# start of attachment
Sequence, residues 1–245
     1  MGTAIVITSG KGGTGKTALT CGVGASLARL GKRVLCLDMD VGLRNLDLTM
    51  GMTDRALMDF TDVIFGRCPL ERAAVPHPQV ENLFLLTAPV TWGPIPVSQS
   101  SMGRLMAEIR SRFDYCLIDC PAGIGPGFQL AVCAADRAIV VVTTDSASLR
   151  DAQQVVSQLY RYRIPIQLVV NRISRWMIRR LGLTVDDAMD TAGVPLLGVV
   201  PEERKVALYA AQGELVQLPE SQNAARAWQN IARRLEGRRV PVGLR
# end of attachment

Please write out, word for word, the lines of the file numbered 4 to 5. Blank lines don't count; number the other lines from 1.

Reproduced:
   101  SMGRLMAEIR SRFDYCLIDC PAGIGPGFQL AVCAADRAIV VVTTDSASLR
   151  DAQQVVSQLY RYRIPIQLVV NRISRWMIRR LGLTVDDAMD TAGVPLLGVV